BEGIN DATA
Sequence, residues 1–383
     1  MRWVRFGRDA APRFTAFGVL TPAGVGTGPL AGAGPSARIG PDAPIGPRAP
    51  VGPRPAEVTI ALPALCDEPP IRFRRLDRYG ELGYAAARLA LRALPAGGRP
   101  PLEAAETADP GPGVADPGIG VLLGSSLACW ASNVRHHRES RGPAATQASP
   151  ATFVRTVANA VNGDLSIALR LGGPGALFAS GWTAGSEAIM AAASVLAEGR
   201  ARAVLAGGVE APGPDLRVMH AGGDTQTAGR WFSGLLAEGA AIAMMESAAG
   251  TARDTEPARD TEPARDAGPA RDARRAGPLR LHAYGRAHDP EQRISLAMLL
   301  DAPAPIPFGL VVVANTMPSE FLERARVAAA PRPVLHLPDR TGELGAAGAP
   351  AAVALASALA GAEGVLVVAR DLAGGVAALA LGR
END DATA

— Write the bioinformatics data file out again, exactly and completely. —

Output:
Sequence, residues 1–383
     1  MRWVRFGRDA APRFTAFGVL TPAGVGTGPL AGAGPSARIG PDAPIGPRAP
    51  VGPRPAEVTI ALPALCDEPP IRFRRLDRYG ELGYAAARLA LRALPAGGRP
   101  PLEAAETADP GPGVADPGIG VLLGSSLACW ASNVRHHRES RGPAATQASP
   151  ATFVRTVANA VNGDLSIALR LGGPGALFAS GWTAGSEAIM AAASVLAEGR
   201  ARAVLAGGVE APGPDLRVMH AGGDTQTAGR WFSGLLAEGA AIAMMESAAG
   251  TARDTEPARD TEPARDAGPA RDARRAGPLR LHAYGRAHDP EQRISLAMLL
   301  DAPAPIPFGL VVVANTMPSE FLERARVAAA PRPVLHLPDR TGELGAAGAP
   351  AAVALASALA GAEGVLVVAR DLAGGVAALA LGR